East Lansing – There used to be a phrase that was heard often around the Michigan State football program.
“Pound, green, pound.”
It described the way the Spartans intended to win games, by running the ball down the throat of their opponent. From George Perles to Mark Dantonio, Michigan State wanted to control the game on the ground, eating up the clock and putting pressure on the opposition.
For most of Dantonio’s tenure, it was a winning formula. Javon Ringer, Le’Veon Bell, Jeremy Langford and LJ Scott are just a few of the names that found success running over teams in the Big Ten. In 2014, the Spartans gained better than 235 yards a game on the ground and the next season, in the conference championship game against Iowa, the Spartans put together a 22-play drive to win the game that featured 14 running plays, including Scott stretching the ball over the goal line for the decisive touchdown.
But like the rest of the offense, the last four years have not gone well. In just the last two seasons, Michigan State had one of the nation’s worst rushing attacks, ranking 114th in 2018 and 113th last season.
The goal for first-year coach Mel Tucker is to not only breathe some life into the offense, but getting the ball moving on the ground once again. The man at the front of that fight is offensive line coach and running game coordinator Chris Kapilovic.
“As we build this thing,” Kapilovic said, “you’re going to see an offense that wants to be able to run the ball, wants to be physical and wants to be able to finish games when you have that lead, being able to finish it by running the ball. And again, if everybody can say, ‘Man those guys are playing hard and are physical,’ I think we’ve found something.”
Finding that has been made more difficult because practice has been shut down, forcing the Spartans and teams around the country to do what they can through virtual meetings in front of a computer screen.
That leads to some variables that are tough for Kapilovic and offensive coordinator Jay Johnson when it comes to finding the right combination of offensive linemen.
“Unfortunately, we didn’t have the opportunity for spring practices to this point,” Kapilovic said. “You kind of get an idea of what they are capable of and maybe you see something that you might be able to help them with (by watching film), but you really like to come to your own conclusion from working with them on the field.”
The Spartans are not short on pieces to work with. Thanks to a handful of injuries, they used seven starting combinations last season while 11 players started at least one game.
Right tackle Jordan Reid is the constant, starting all 13 games. From there, though, it was a rotating group of young and old. Freshmen Nick Samac and J.D. Duplain got plenty of work in the interior of the offensive line while Devontae Dobbs played four games and retained his redshirt. Matt Allen is back for his final season and figures into the interior rotation while veterans like Blake Bueter and Luke Campbell are versatile.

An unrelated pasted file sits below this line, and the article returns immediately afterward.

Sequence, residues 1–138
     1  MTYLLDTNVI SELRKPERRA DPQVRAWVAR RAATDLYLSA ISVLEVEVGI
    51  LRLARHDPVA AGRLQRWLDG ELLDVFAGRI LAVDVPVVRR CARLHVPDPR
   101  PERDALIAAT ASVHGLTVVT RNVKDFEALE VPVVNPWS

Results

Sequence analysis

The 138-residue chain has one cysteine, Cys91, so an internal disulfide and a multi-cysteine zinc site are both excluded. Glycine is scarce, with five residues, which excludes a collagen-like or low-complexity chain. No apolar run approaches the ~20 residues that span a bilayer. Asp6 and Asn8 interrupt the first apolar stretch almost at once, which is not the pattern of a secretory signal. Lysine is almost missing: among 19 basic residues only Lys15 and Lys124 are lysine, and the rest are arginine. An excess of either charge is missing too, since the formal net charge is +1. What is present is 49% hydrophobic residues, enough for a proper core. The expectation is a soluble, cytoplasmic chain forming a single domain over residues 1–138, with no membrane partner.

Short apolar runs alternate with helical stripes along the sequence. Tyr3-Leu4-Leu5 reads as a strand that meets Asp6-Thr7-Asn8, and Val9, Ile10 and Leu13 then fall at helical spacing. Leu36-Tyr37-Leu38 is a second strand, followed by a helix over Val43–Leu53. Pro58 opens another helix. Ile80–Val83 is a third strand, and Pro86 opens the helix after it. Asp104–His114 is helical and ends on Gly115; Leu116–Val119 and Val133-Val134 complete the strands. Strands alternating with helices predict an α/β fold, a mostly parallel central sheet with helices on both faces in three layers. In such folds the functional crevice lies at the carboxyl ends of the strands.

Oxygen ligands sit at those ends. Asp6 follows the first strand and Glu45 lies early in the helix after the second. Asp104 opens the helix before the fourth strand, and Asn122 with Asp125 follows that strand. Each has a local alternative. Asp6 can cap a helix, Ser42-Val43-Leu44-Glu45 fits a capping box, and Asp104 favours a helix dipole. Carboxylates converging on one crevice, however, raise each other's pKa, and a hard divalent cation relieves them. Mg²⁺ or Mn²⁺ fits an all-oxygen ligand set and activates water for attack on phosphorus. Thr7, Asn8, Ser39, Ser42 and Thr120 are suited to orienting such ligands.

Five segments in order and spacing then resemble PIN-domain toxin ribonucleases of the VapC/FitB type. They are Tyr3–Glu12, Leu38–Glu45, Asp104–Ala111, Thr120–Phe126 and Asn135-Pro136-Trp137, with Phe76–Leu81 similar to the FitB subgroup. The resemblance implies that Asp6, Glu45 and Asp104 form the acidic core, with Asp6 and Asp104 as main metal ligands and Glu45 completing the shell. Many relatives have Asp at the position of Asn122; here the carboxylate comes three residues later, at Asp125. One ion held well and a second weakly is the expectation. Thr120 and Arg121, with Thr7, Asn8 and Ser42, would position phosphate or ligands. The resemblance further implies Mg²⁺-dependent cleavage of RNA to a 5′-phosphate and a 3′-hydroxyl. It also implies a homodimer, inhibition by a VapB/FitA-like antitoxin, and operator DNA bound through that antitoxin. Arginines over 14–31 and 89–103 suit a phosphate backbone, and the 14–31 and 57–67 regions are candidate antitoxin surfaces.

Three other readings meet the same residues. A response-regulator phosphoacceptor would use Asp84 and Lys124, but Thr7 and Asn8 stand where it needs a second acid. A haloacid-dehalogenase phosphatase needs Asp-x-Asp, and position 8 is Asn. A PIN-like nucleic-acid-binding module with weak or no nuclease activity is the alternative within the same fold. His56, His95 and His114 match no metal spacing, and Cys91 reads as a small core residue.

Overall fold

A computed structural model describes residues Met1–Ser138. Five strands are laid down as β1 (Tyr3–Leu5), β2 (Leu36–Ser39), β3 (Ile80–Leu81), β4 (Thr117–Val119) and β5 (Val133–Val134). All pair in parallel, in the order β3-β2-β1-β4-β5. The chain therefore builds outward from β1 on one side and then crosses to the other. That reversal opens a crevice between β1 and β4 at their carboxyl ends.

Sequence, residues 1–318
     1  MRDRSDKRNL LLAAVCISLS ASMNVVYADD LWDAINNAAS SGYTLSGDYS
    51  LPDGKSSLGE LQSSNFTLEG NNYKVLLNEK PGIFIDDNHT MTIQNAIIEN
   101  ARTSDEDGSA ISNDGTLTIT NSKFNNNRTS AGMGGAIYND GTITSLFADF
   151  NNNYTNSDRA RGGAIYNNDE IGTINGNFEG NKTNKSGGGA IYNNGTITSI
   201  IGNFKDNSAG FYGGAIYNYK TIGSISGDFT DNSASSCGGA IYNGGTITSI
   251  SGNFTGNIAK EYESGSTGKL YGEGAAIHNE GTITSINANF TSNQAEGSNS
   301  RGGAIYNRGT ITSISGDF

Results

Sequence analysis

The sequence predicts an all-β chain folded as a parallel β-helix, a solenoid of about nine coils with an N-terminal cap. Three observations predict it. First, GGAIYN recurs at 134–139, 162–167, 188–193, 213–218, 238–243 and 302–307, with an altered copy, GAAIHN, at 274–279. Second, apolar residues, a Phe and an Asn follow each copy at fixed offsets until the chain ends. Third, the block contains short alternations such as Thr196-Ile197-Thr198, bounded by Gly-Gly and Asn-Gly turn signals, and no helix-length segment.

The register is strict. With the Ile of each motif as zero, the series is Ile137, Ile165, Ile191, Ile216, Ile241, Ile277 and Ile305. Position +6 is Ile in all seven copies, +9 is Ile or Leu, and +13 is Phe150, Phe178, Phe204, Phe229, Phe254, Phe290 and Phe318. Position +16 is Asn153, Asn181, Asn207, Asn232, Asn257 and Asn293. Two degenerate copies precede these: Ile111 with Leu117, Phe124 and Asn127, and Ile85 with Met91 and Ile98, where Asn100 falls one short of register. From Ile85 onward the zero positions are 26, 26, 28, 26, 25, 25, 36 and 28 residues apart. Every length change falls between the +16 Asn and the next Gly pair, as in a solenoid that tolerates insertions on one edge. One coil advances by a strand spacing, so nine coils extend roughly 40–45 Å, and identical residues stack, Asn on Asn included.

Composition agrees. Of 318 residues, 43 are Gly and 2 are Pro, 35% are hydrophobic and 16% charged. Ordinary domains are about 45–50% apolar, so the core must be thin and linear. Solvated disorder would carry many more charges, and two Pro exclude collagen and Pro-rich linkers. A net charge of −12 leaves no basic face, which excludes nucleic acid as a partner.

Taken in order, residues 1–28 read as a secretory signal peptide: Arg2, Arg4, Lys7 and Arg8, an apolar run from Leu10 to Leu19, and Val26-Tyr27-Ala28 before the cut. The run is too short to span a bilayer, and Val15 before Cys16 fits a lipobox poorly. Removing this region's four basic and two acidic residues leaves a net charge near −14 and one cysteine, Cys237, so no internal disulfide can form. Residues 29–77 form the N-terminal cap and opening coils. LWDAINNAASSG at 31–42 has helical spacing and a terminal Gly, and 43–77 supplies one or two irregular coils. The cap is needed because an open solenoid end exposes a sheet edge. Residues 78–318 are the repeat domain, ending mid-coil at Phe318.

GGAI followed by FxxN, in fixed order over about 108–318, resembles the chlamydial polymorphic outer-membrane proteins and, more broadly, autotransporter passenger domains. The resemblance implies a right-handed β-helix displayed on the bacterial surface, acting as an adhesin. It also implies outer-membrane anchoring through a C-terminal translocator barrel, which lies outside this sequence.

The return of Kevin Jarvis is also critical. After staring at right guard his first two seasons, he moved to left tackle last year before an injury forced him to miss all but three games.
“He seems to be pretty healthy and he’s definitely invested in learning the new offense and the things I want them to do,” Kapilovic said of Jarvis.
Finding the right mix will be critical for Kapilovic, who said he’d like to have eight or nine guys ready to play at any moment, but the key is developing as a unit.
“Without the cohesion, they haven’t had five guys work together, it doesn’t seem like, all year from just this past season,” he said. “If we can find a way to stay healthy, that will just help in its own right. It’s very difficult to be a great offensive line when you are constantly changing pieces and having to bring in new guys. … But I do think I see some talent there, there’s some size, there’s some guys who have athletic ability. I believe we have the potential to be a good offensive line.
“But there’s nothing better than competition. If I could say that I had eight guys I could count on, I could have a third tackle, third guard and even possibly another center that could get reps, that would be great.”
If the offensive line comes together, there’s a good chance the Spartans running game could get rolling once again.
Sophomore Elijah Collins began to emerge last season with 988 yards on 222 attempts and will returns as the likely starter. He’ll be joined by fellow sophomores Anthony Williams and Brandon Wright, as well as the return of junior Connor Heyward, the opening day starter last season who planned to transfer but changed his mind.
Add the arrival of a handful of incoming freshmen and there will be plenty of competition in the backfield, as well.
“I like the running back position,” Johnson said. “From what I’ve been able to see of those guys, a very talented group.”
Only time will tell, but there’s no doubt the Spartans will try and revive the old saying, ‘Pound, green, pound.’